fitnesshealthIssue 23

Dance for Therapy

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By Noel Daniel

Dancing away your woes is more likely than you might think.

“Dance Therapy gives many of the participants, primarily women, the opportunity to network and build relationships with other women or men in the community,” said Keenon Krick, Program and Grant Manager of Riverbank Unified School District (RUSD). “Along with that, they are given the opportunity to participate in an activity that is going to help them feel healthy physically as well.”

Dance therapy provides time for the participants to define the parameters of their wellness—both concerning their emotional and behavioral health. This therapy identifies certain characteristics in people that are associated with healthy outcomes, according to Krick, and provide understanding for the process of movement as it is related to their health and well-being.

RUSD is one of nine programs funded through Stanislaus County Behavioral Health and Recovery Services (BHRS) that over Prevention and Early Intervention (PEI) Services. RUSD uses these funds to implement a Dance Therapy program intended to support the emotional health of community members through movement.

The dance therapy sessions are not lead by paid instructors, but rather lead by dedicated community volunteers, referred to in Spanish as Promotoras.

“The funding received from BHRS has objectives intended to be achieved,” said Krick. “Approximately five years ago, the Director of Health & Human Services here at Riverbank USD developed the Dance Therapy program to meet the objectives of the grant.”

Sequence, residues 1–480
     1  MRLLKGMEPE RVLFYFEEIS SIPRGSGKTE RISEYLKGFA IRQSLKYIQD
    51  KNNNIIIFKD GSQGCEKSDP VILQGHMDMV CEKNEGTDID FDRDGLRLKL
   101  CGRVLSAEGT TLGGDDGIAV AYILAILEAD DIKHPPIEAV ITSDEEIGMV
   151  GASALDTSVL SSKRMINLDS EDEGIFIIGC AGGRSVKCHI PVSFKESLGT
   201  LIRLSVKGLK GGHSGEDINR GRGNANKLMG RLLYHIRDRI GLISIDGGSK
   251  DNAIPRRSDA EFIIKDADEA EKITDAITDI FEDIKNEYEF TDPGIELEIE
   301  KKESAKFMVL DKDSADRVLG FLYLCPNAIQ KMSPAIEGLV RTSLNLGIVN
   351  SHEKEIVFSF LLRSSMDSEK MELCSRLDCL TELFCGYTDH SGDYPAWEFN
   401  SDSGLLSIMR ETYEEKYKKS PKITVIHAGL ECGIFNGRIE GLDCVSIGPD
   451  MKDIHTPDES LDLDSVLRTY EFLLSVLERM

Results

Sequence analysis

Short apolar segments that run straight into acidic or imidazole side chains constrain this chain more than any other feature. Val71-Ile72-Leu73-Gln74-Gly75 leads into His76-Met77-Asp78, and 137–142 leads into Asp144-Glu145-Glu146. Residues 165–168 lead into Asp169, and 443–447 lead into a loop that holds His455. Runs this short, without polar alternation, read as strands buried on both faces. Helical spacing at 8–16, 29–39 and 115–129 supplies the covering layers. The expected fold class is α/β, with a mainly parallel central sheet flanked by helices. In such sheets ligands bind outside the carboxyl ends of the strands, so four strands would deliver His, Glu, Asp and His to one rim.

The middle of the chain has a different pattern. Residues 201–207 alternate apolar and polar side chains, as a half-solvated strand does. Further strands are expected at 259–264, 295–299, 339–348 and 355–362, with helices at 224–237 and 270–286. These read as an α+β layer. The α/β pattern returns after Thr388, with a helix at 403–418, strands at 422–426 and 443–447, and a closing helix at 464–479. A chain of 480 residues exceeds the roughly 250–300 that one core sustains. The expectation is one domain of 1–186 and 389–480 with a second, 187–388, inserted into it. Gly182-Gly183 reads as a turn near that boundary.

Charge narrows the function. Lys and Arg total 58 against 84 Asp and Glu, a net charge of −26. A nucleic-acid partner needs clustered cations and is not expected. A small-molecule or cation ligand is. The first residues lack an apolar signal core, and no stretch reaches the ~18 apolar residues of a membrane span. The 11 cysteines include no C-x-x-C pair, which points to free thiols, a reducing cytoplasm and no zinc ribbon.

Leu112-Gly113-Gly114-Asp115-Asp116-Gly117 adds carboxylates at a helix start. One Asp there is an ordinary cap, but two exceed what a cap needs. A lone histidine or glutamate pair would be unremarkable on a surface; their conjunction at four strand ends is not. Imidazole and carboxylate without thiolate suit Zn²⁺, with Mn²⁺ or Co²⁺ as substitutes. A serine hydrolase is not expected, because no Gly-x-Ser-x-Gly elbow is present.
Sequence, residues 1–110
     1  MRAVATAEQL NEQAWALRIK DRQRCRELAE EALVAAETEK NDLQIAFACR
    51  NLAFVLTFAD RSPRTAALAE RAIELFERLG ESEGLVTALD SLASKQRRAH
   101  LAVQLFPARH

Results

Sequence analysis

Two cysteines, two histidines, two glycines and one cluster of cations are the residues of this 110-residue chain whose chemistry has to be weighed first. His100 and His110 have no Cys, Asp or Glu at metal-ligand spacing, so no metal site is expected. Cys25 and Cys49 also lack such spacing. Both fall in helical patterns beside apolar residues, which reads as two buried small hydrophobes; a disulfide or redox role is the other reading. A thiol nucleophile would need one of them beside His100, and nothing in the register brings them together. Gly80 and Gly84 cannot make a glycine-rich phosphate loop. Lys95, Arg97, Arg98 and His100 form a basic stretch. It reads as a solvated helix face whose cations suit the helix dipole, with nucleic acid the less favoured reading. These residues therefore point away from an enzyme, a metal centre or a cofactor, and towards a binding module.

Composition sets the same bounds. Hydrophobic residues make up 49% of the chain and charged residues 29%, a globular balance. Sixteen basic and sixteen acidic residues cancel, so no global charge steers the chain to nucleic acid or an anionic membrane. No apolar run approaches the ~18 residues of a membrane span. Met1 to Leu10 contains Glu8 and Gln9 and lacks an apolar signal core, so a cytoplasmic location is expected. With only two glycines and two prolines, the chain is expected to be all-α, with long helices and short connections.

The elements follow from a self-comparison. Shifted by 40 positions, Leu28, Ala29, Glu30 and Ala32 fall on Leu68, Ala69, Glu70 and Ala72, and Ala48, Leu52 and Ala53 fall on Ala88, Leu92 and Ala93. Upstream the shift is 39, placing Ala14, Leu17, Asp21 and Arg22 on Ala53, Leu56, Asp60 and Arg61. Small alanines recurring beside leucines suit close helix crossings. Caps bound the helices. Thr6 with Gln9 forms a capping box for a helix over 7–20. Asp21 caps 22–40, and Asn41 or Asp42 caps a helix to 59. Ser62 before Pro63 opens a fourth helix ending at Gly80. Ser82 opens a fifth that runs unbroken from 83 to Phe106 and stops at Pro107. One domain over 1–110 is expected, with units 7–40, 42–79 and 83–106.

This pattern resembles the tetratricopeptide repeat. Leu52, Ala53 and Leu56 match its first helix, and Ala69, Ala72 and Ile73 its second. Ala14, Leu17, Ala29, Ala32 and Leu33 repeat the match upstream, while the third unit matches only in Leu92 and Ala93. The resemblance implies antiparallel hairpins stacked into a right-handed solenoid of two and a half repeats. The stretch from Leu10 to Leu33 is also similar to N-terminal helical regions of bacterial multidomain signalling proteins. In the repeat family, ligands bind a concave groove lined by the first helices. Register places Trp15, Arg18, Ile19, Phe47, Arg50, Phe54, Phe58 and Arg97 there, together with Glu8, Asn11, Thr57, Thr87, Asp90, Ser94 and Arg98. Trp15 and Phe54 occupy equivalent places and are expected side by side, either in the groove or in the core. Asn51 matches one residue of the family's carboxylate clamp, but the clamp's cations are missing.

Since then, the classes have been giving community members the opportunity to develop their own leadership skills through both participating in and instructing Dance Therapy sessions.

“The philosophy behind the Dance Therapy is that when you have a community helping [itself], it not only develops opportunities for people to build relationships with one another,” said Krick, “but it also helps develop leadership and coping skills and gain feelings of support through the development of physical health, that leads to positive mental health.”

Class sessions are every Monday through Thursday from 9 to 10:30 a.m. at St. Francis of Rome Church in Riverbank and have approximately 50 to 60 participants. There are then evening sessions on Mondays, Wednesdays, and Fridays from 6 to 7:30 p.m., which receive about 40 to 50 participants.

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